Meet Teresita Padilla-Benavides, Assistant Professor of Molecular Biology & Biochemistry

A globally-engaged researcher, collaborator, and scientist, Teresita (Tere) Padilla-Benavides is an Assistant Professor of Molecular Biology & Biochemistry committed to increasing access to the sciences and centering culturally diverse research. Tere conducts biochemistry research at the Hall-Atwater building, but her outreach spreads far beyond the lab, campus, and borders of the US to increase access to science and create a global community of researchers. 

An international background and global outlook 

Tere is from Mexico City, where she received her Bachelor’s in Biology from Escuela Nacional de Ciencias Biológicas in 2004. She served as an adjunct professor at the Universidad Tecnológica de México from 2003 to 2010 and received her Master’s and Ph.D. degrees at Centro de Investigación y Estudios Avanzados del Instituto Politécnico Nacional. 

In 2010, Tere moved from Mexico to the United States to work as a postdoctoral fellow at Worcester Polytechnic Institute. Tere described how an opportunity like joining Arguello’s lab was a fortunate chance to gain access to expensive lab equipment tools. She spent the next years in Massachusetts before coming to Wesleyan. In 2016 she was promoted to Instructor and was the recipient of a diversity program grant at the University of Massachusetts Medical School, then promoted again in 2020 to Research Assistant Professor position.

What drew Tere to Wesleyan is the school’s commitment to diversity and cultural engagement in the lab, with her colleagues, and the experience of mentoring students and research discoveries with Wesleyan students. In her lab, diverse thinking creates different ways of seeing and performing research. She also applauded Wesleyan’s research structure for using research grants efficiently to train and educate faculty and student experiments. 

Collaboration and Multiculturalism

Tere spoke of how multilingualism creates new opportunities for her to bring in students to the lab. Tere’s lab has been home to a visiting scholar from UMass, gaining scientific training and technical English for transferring her science skills into research-specific language construction. With her students, Tere brings Spanish research seminars to Spanish-speaking countries at conferences to share their own research. Her Wesleyan students have also used summer research grants to perform research at institutions in Mexico

“I cannot do this without that difference of thinking… When you are designing an experiment, when you are finding a new question to ask, when you see the perspective of somebody that is not in your shoes, the questions get much more exciting,” Tere said when asked about the importance of multiculturalism in her lab.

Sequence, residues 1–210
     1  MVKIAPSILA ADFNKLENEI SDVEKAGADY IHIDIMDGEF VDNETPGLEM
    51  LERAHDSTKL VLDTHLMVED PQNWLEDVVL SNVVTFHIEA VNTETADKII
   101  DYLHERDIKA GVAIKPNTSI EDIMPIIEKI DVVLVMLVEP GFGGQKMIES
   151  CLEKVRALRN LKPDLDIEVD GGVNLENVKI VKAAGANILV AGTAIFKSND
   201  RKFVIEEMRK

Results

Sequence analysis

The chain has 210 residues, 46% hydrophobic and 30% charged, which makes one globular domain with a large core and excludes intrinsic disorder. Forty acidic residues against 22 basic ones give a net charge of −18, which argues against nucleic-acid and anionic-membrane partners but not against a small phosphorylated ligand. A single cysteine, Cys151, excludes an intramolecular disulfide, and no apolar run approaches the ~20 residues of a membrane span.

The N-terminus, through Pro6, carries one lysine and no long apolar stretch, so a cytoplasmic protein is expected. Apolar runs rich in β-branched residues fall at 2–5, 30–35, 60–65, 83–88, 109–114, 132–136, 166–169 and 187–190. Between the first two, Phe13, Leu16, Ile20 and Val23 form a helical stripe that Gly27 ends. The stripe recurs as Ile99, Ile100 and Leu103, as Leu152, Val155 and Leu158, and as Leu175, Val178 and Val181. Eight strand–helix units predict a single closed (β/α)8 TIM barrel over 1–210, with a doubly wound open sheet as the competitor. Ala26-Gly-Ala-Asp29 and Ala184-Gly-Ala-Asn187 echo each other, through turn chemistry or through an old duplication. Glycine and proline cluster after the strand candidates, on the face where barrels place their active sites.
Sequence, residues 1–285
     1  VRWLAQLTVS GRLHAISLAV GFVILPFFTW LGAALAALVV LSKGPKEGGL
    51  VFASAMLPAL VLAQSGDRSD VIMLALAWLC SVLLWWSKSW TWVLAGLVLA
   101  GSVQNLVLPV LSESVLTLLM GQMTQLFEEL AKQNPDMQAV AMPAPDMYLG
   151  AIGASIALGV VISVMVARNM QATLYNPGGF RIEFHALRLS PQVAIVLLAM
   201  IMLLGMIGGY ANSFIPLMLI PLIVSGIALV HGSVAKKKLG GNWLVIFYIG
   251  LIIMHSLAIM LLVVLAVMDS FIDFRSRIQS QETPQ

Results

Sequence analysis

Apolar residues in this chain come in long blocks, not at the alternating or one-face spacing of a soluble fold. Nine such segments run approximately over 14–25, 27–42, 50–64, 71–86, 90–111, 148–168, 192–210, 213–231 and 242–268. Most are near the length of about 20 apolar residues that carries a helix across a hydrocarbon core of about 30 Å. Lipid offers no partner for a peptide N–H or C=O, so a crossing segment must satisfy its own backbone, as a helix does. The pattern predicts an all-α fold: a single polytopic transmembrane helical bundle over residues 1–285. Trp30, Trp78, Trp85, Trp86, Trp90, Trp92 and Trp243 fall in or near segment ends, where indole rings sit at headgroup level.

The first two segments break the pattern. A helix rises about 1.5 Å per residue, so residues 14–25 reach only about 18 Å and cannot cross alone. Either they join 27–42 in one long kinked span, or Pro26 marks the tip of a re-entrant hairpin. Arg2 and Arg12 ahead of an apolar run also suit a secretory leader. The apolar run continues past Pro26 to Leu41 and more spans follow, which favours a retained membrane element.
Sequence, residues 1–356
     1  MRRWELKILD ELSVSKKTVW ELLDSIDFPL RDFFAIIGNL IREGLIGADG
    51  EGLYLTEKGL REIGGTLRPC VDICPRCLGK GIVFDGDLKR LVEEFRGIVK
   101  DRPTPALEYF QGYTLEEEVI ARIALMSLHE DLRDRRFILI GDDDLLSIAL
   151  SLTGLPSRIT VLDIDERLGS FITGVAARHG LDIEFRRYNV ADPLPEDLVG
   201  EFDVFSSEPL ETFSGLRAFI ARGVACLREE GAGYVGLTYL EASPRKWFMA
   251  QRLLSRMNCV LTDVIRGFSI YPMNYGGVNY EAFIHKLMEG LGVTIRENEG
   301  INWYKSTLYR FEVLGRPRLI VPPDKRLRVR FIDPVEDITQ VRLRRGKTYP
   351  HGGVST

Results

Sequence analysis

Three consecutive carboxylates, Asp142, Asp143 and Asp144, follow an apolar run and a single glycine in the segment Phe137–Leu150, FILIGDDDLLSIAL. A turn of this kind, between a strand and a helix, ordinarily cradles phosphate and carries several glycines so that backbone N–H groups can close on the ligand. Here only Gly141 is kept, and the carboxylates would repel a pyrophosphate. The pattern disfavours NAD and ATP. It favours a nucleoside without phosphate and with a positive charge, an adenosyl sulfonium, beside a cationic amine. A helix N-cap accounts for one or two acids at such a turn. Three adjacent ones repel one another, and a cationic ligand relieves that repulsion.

On campus, Tere started the Wesleyan chapter of the Society for Advancement of Chicanos/Hispanics and Native Americans in Science (SACNAS). Through this society, students have the opportunity to present research, participate in conferences, and gain a network of support to succeed in the science field. The Wesleyan chapter organizes seminars and workshops to promote underrepresented student groups for opportunities in science.

SACNAS at University High School of Science and Engineering in Hartford

Beyond SACNAS, Tere collaborated on a research paper titled “Impact of Professional and Scientific Societies’ Student Chapters on the Development of Underrepresented Undergraduate Students.” This paper analyzes the effects of scientific societies to help underrepresented undergraduate students find community and success in scientific work. The paper also discusses different programs across scientific subject areas including the American Indian Science and Engineering Society (AISES), the American Society for Biochemistry and Molecular Biology (ASBMB), the American Society for Microbiology (ASM), and more.  She emphasized how student experiences formed the background and perspective of the paper and demonstrated the importance of science organizations focused on resources for underrepresented groups. 

Pass It Forward

Coming back from the 12th International Copper Meeting, hosted in Italy, Tere noted that despite the push for diversity in the field, expensive travel and conference costs meant there was only one researcher from Mexico and one from Argentina. However, international gatherings help share scientific discoveries and practices across country borders in different labs around the globe.

Tere’s 2022 Lab research group

One of the biggest challenges Tere sees in her field is the academic bias against non-English papers, specifically bias against the Latino scientific community. The review process barrier for Latin American researchers limits recognition for their work. Tere is currently supporting a special edition of a UK science journal with an emphasis on Latin American research. The proposal includes waiving publication costs and helping with the translation and editorial process. Tere also points to a need for global awareness and cultural competence in the sciences, which would promote support for researchers around the world. 

“Pass it forward,” Tere said. “I was very fortunate that somebody was able to see without barriers, without stereotypes, without judgments, and opened the door of his lab to me.”

Tere spoke of how she has always had to work harder to achieve her professional goals, but through her opportunities, she wants to continue increasing access for others. Whether she is supporting a student to finish their thesis, bringing in a student from Mexico to gain scientific language skills, or growing her biochemistry lab to support new research, Tere opens up countless doors between Wesleyan and the world of scientific opportunities. 

– Megan Bauerle ’24,